Take a deep dive into the interplay between fintech and big data analytics to learn a few things about how the landscape of financial services is going to evolve in the near future.
So where does big data come from and what is it in the first place? In short, big data is an overarching term that describes extra-large and constantly growing arrays of diverse (both in terms of nature and structure) data gathered from a variety of channels that are hard to manage in a more raw, unprocessed form. One of the fundamental characteristics of big data is the steady growth of its volume and complexity.
As seen in the illustration above, with around 1.1 trillion megabytes of data generated every day by nearly 4.7 billion Internet users, big data is something that the financial sector simply cannot ignore. And if it’s that high up on the agenda, fintech companies need to move fast to address the three V’s of big data: Volume, Velocity, Versatility. In plain English, they need to build data analytics platforms and adopt new techniques to process more data or different types in the shortest period of time — ideally, in real time.
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The importance of big data in the fintech industry becomes even more apparent if we take a deeper look at user demographics. According to recent studies, Millennials are now the driving force behind the rapid development of fintech services.
They are skeptical about the ways banks communicate with them and look for more:
In addition, this lack of affinity for conventional banking often results in poor credit scores and histories of a large percentage of Millennials, seriously limiting their access to loans and popular financial tools. As many as 50% of Millennials may be affected by this problem, analysts say. Traditional financial services are still falling short of understanding their target audiences.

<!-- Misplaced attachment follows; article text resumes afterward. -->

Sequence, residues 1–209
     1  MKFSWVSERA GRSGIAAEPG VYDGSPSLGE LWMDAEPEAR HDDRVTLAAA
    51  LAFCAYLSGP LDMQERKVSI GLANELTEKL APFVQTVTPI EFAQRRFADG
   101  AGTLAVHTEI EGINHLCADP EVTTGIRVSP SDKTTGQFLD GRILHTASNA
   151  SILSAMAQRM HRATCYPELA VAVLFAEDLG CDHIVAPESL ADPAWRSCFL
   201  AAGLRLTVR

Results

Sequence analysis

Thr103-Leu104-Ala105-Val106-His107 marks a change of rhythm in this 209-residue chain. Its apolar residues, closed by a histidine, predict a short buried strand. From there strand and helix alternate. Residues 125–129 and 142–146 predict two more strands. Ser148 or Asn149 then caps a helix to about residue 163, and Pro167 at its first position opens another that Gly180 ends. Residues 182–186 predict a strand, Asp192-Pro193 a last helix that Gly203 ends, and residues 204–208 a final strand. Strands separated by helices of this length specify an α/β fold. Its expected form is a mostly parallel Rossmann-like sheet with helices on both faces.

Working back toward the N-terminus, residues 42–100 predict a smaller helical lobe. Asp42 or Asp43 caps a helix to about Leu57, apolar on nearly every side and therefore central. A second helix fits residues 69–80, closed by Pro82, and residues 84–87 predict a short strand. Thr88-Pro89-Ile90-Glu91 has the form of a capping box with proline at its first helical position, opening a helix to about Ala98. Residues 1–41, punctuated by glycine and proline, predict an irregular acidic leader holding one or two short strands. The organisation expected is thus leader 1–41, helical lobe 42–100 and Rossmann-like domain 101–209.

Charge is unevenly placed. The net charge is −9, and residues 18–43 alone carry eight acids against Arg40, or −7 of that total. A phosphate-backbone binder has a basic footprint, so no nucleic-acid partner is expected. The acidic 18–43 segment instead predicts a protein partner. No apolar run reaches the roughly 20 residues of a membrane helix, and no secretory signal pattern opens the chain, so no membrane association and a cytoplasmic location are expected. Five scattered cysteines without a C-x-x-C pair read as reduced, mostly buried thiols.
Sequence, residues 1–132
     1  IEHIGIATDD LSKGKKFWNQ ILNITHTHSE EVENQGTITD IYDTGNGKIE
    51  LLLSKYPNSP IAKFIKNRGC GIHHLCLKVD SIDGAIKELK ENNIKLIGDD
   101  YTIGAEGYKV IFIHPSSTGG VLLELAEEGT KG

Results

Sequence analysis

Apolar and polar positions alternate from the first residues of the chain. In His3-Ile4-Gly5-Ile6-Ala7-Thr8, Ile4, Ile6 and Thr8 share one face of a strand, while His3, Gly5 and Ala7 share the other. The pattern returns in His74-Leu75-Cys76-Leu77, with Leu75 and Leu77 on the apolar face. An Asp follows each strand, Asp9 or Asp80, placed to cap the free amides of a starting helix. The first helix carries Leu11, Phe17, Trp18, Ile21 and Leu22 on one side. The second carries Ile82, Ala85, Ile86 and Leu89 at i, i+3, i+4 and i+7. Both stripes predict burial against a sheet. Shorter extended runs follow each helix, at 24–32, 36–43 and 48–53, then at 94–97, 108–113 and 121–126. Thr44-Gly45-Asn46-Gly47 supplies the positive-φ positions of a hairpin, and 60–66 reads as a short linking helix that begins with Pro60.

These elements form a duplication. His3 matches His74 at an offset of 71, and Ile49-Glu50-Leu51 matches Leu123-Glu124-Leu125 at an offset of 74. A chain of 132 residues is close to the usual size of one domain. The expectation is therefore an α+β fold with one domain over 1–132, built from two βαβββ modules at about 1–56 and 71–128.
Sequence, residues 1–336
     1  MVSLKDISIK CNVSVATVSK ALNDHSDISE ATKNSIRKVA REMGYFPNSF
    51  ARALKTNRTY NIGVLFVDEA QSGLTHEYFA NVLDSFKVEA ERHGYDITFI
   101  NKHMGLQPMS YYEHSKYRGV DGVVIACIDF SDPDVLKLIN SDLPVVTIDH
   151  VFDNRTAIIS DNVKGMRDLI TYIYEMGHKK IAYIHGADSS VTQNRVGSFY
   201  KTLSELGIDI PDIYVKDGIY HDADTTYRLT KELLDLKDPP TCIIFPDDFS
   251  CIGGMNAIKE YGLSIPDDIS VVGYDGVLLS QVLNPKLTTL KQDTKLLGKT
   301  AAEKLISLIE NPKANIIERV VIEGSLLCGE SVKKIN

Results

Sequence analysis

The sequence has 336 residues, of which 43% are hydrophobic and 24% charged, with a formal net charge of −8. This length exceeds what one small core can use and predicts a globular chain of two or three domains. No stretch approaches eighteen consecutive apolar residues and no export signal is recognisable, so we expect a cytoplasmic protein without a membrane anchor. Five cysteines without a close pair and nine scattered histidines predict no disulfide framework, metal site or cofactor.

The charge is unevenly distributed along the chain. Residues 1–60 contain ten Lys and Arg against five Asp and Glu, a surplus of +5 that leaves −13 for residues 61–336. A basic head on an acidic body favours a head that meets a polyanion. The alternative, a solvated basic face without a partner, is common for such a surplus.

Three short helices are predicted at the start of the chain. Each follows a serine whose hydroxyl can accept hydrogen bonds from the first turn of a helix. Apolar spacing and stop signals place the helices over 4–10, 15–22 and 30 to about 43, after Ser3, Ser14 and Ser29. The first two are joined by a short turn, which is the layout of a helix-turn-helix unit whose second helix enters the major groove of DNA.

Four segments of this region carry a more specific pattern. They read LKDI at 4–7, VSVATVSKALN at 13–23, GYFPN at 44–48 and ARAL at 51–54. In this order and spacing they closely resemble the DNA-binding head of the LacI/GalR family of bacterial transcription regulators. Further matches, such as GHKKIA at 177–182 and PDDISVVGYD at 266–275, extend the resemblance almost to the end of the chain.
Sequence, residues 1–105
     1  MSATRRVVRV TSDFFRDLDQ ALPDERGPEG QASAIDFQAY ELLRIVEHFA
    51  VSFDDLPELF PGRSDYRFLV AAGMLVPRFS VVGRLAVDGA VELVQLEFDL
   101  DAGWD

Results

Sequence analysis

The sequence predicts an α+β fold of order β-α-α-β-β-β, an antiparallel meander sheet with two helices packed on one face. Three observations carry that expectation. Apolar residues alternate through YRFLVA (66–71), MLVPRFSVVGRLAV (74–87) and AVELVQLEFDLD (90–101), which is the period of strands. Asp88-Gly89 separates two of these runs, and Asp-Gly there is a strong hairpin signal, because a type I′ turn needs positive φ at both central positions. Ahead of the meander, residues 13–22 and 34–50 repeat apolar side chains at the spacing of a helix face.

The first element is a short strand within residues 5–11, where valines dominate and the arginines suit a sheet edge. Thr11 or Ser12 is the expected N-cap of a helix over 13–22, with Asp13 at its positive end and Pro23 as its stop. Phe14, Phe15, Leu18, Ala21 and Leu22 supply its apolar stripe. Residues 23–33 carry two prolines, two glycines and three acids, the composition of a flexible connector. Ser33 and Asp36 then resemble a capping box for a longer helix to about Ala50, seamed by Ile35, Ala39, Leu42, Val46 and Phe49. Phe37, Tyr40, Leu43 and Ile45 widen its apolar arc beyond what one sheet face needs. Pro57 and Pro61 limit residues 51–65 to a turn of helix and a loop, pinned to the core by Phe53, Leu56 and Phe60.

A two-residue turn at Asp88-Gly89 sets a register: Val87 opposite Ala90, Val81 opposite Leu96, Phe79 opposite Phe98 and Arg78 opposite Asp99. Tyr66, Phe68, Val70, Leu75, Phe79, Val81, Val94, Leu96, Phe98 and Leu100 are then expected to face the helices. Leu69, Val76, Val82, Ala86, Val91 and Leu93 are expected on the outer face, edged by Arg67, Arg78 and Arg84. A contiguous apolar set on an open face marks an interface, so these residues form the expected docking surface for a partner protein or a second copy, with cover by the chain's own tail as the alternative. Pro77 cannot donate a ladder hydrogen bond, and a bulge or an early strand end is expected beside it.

All of the above calls for a serious revision of old strategies and a more extensive use of big data analytics in fintech.
There are several distinct areas where financial technologies and big data form a perfect symbiosis that leads to significantly better outcomes for service providers and consumers alike.
In principle, these and other related practices and approaches form the data management framework of any modern digital bank or financial technology company. Big data collection and 360-degree data analysis are no longer viewed as a fad that reflects the latest fashion in computer science. On the contrary, they are essential components of any institution working with money and striving to be effective in a very competitive landscape.
Wondering how the AI + big data combo could be used to enforce your financial startup idea? We have the answers to your questions and will gladly share our thoughts with you.
Big data in fintech companies is truly ubiquitous and actively used in different contexts for a broad range of purposes. Let’s take a look at a few examples of where combining the use of big data and associated technologies makes the most practical sense.
Big data and ML-based analytics have been used in the industry for security and fraud detection purposes for quite a while. However, the more recent trend in online payments is the merger of payment processing with POS (Point Of Sale) lending mechanisms that enable users to get loans right at checkout. These systems combine ML algorithms and big data to instantly assess risk levels and the amount of credit available to the user, resulting in fewer cases of abandoned carts and higher conversion rates.